European Postal Directive: Is the current Universal Service Obligation sustainable?
In 2015 the European Commission will decide if the current Postal Directive must be amended.
The European Postal Directive is the regulatory framework for the European postal market. The directive for instance prescribes the minimum number of 5 delivery days per week and services obligatory under the Universal Postal Service Obligation for each EU-country.
Sustainability of postal regulation
The European Regulator Group for Post, a cooperation between all 28 regulators/supervisors, published a discussion paper on the provision of the Universal Service in the postal sector in view of the strongly declining market volumes. All stakeholders were requested to provide their views. The ERGP will then further analyse the situation and publish a report by the end of 2015. The CEO’s of the national postal operators where asked to comment on the sustainability of the postal regulatory framework in a meeting with the European Commissioner in September. The common message was that more flexibility in the obligations is needed to ensure a sustainable universal service. This means less obligations and possibly reduction of the scope of USO (Universal Service Obligation). For many operators this need is driven by the belief that the political willingness to guarantee financial compensation for providing the actual USO (either direct by government or through an industry fund) is disappearing rapidly. Please refer to the Position Paper of PostEurop on the subject.
Where does PostNL come in?
In the Netherlands there is an ongoing discussion on balancing the universal service obligations with the financial sustainability of this service. This means an USO that does not require additional compensation. The discussion will be easier if other European regulators, and eventually Brussels, do think along the same lines. Please refer to PostNL’s position paper on the subject. For PostNL’s activities abroad a reduction of USO and related compensation will diminish the risk for competition distortion and cross-subsidization in the incumbent’s activities.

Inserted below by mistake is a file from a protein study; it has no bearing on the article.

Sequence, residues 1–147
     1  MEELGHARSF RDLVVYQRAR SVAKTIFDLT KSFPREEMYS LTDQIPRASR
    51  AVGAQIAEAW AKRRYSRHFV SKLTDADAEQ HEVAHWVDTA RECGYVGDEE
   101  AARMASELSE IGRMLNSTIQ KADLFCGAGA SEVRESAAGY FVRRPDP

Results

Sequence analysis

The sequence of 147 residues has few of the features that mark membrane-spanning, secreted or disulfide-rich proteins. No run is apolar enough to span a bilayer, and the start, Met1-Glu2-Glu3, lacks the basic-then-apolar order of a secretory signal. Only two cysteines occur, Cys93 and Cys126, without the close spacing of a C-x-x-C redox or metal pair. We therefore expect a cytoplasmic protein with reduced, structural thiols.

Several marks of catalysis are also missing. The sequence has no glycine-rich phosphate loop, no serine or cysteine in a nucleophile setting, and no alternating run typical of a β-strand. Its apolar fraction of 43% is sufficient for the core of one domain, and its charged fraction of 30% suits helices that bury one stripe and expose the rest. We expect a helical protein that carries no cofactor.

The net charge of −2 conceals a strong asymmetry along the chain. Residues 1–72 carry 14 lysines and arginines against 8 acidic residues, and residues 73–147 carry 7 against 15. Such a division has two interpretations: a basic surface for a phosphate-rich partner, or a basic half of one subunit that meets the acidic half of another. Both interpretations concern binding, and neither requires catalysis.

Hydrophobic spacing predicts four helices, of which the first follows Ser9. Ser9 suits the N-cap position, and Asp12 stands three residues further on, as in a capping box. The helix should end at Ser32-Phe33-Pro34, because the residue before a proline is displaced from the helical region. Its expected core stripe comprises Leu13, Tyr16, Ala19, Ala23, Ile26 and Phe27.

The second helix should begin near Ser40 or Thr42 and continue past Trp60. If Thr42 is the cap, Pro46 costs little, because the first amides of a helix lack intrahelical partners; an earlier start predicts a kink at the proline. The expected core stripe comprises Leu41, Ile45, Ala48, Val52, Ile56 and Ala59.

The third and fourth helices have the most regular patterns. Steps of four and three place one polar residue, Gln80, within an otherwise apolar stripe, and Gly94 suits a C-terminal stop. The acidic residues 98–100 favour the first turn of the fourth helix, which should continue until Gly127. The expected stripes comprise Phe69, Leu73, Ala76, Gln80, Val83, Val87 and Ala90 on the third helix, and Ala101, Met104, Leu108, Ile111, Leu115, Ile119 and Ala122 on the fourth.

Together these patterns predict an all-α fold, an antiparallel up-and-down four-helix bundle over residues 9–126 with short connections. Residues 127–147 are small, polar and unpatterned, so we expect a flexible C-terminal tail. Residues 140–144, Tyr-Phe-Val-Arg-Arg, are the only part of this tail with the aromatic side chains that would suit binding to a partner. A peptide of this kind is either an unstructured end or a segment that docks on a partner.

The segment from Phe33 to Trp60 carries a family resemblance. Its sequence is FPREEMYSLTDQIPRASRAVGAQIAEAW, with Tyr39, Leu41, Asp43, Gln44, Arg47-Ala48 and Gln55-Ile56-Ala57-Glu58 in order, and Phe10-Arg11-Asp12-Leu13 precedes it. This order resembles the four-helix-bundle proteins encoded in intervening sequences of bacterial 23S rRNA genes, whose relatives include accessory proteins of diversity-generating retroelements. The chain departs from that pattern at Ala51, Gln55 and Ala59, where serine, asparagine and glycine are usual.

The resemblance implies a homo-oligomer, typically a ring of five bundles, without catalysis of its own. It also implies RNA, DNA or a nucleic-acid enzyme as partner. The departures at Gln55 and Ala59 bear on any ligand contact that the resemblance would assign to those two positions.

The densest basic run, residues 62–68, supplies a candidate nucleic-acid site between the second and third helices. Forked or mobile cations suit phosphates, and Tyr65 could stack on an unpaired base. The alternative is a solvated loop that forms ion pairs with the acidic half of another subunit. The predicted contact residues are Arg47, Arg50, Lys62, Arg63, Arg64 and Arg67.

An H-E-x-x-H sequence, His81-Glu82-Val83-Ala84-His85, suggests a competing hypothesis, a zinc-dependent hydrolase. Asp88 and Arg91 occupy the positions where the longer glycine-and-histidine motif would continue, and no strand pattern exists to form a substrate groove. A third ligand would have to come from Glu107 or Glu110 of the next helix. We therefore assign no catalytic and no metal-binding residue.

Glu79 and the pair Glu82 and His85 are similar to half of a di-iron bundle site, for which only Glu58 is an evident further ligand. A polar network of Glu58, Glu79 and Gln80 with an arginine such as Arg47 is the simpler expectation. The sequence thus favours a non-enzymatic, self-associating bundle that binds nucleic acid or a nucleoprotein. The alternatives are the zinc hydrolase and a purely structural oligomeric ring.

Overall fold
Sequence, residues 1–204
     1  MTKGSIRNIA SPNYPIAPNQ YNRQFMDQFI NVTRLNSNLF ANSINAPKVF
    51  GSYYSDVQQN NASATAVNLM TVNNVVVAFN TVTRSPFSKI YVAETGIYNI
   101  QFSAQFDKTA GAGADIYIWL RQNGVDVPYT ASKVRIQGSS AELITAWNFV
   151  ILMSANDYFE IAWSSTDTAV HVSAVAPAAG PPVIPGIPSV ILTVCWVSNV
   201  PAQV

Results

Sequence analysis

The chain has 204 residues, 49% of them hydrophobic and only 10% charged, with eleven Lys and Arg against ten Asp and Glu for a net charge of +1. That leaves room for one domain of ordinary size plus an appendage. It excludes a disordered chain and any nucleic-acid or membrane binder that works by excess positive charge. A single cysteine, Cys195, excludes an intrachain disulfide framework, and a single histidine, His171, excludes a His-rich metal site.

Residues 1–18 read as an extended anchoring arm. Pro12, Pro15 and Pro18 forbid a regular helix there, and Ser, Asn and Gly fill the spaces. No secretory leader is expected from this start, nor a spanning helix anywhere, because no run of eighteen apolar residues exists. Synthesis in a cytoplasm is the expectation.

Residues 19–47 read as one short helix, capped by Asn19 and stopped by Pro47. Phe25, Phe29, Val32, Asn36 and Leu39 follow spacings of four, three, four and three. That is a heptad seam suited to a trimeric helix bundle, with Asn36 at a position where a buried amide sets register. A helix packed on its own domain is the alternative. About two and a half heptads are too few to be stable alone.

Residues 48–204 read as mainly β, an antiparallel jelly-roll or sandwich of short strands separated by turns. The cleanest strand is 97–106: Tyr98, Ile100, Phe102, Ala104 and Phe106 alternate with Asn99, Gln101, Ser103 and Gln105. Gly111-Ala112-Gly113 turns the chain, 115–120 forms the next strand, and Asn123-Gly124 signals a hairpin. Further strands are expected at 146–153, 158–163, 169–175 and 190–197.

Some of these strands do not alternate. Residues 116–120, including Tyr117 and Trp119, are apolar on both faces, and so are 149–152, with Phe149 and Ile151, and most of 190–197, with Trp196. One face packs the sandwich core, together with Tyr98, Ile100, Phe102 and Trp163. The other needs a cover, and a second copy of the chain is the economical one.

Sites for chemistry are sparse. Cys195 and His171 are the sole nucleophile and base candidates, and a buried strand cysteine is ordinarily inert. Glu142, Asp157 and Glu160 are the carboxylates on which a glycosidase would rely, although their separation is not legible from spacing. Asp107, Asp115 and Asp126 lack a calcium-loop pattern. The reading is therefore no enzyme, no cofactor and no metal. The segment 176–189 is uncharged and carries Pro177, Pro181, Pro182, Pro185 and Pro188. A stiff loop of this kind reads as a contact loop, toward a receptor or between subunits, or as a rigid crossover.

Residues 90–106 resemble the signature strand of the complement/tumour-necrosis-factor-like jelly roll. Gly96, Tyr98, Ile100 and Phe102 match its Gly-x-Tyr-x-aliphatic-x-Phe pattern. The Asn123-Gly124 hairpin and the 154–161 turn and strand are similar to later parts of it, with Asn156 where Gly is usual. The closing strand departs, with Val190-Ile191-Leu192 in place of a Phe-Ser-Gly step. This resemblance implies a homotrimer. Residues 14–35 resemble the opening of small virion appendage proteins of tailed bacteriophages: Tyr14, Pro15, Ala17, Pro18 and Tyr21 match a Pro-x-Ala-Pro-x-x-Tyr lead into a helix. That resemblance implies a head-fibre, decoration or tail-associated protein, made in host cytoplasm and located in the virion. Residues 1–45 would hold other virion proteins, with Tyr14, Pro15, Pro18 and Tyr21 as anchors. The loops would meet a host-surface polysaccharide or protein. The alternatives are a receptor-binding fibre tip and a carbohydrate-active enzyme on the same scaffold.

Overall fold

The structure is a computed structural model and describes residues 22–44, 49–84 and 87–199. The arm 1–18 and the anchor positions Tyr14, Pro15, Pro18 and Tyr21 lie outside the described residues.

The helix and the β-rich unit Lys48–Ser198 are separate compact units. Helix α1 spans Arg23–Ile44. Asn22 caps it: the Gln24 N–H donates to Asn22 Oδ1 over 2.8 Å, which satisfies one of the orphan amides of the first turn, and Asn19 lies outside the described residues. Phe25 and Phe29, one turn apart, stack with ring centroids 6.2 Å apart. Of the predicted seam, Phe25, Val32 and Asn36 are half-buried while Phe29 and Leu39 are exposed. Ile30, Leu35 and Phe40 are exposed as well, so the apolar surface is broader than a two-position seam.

The European Commission will send their so-called Application Report to the European Parliament in April. This report describes the developments in the postal market after the liberalization of 2011 and could propose policies in response. The Commission will also launch a consultation where all stakeholders (users, customers, workers etc.) can bring forward their input on issues as price, quality of service and other elements of the letter and parcel market.
This report and consultation could lead to a regulatory proposal of the European Commission by the end of 2015.
Additional regulation of international parcel services unnecessary
In the interest of the consumer, should there be rules for cross-border deliveries of Internet orders within the EU? No, is the emphatic response of the Dutch government. After all, consumers who shop online do not do business with the delivery service company themselves. Also, consumer rights in relation to online shops are already regulated in various European directives.